The Horsehead Nebula rears its pretty head in a November 17 photograph submitted to National Geographic's Your Shot photo community.
Taken from the New Forest Observatory in the United Kingdom, the image shows how the nebula's horse head is part of a larger cloud of dust. Situated about 1,500 light-years away, the Horsehead Nebula is visible only because its obscuring dust is silhouetted against another, brighter nebula, according to NASA.
The Soyuz TMA-05M spacecraft is seen shortly after landing near Arkalyk, Kazakhstan, on November 19.
Expedition 33 Commander Sunita Williams of NASA and flight engineers Akihiko Hoshide of the Japan Aerospace Exploration Agency and Yuri Malenchenko of the Russian Federal Space Agency returned from four months onboard the International Space Station.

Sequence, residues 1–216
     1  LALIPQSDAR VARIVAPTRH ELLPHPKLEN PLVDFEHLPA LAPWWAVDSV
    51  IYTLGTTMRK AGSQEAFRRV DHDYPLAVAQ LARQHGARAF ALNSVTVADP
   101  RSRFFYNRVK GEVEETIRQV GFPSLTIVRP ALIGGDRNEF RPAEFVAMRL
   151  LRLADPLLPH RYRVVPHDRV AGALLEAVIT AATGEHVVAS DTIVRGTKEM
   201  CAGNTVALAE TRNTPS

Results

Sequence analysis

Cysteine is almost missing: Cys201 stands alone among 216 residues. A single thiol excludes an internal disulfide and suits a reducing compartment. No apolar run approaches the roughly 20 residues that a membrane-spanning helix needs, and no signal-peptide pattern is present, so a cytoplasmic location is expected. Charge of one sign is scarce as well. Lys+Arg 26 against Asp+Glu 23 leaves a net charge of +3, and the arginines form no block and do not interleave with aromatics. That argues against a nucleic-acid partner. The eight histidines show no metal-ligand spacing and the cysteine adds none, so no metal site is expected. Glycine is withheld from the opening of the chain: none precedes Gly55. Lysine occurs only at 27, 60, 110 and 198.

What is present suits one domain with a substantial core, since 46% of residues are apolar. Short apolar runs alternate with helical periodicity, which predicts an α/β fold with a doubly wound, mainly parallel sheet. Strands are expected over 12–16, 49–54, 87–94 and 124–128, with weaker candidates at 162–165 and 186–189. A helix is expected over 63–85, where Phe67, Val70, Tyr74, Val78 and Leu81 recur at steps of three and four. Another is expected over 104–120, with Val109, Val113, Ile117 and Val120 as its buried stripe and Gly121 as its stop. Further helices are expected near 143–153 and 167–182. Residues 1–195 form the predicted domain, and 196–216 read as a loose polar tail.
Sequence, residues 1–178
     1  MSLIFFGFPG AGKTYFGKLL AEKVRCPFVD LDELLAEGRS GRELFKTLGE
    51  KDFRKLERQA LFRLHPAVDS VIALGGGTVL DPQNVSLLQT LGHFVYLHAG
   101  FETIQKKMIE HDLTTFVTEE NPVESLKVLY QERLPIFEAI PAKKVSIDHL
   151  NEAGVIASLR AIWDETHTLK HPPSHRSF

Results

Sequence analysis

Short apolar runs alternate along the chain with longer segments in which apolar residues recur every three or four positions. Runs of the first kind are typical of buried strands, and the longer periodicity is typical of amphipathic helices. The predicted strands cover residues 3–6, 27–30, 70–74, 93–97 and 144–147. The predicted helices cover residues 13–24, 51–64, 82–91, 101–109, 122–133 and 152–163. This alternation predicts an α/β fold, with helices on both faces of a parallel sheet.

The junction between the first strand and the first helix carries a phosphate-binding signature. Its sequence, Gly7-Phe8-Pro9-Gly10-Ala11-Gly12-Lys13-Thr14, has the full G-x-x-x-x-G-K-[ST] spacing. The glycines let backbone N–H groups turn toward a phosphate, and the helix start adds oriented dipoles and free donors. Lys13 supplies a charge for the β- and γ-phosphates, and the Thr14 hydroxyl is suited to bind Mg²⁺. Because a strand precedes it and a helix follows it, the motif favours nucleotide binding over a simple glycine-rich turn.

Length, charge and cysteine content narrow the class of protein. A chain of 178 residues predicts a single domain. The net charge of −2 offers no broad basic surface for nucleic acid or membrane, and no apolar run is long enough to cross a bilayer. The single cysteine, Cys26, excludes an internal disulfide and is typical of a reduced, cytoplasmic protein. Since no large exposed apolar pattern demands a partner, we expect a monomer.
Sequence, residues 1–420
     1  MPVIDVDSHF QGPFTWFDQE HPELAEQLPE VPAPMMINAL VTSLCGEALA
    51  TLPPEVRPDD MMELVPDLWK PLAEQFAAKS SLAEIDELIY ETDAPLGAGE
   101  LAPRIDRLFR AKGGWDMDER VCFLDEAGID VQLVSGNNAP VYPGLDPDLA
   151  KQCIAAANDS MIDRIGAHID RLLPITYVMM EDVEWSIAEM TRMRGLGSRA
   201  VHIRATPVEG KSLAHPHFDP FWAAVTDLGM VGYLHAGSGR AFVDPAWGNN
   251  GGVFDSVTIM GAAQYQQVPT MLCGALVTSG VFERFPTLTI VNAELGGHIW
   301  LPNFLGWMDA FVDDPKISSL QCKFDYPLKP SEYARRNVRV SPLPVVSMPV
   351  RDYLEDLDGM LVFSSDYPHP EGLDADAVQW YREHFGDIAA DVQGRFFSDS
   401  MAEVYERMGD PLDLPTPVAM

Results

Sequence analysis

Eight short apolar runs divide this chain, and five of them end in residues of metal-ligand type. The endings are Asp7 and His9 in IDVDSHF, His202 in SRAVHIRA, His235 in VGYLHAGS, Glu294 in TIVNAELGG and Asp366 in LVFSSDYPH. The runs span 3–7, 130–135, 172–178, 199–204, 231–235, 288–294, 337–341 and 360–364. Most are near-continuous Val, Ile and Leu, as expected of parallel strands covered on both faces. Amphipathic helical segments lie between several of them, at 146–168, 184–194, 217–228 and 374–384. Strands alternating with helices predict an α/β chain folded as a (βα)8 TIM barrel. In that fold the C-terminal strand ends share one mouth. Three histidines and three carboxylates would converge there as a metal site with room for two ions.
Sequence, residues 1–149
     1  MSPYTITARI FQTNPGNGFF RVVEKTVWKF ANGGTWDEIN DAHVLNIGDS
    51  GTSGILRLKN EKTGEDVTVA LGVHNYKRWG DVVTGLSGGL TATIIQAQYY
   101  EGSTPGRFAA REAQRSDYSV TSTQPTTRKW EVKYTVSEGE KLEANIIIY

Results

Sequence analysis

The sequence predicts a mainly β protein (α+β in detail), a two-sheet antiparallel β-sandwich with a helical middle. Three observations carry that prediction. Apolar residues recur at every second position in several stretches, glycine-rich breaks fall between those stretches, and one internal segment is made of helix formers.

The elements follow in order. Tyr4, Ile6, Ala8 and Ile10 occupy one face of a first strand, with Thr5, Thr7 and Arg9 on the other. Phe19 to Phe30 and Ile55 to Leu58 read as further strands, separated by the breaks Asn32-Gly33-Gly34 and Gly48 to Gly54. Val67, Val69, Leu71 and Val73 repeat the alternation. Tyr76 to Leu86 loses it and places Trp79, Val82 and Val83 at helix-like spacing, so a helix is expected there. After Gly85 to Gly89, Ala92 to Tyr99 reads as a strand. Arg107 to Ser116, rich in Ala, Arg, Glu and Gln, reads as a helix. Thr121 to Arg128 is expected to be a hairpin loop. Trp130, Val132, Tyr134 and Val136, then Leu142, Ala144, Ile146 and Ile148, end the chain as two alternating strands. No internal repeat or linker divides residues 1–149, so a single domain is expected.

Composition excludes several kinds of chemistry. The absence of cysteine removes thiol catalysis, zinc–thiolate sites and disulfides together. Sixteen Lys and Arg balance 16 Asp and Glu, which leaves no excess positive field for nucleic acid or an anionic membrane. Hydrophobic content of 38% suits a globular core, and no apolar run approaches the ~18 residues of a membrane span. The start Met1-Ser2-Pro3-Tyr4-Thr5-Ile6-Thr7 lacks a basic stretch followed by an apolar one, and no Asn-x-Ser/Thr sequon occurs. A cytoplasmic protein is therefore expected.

NASA's Curiosity rover snapped this picture after moving 83 feet (25 meters) eastward on November 18—the 102nd Martian day, or sol, of its mission to study whether life once existed on Mars.
The view shows Yellowknife Bay, part of the Glenelg area of the Gale Crater, which is located near the base of a three-mile-high (five-kilometer-high) mountain rich with layered sediment deposits laid down over hundreds of millions of years.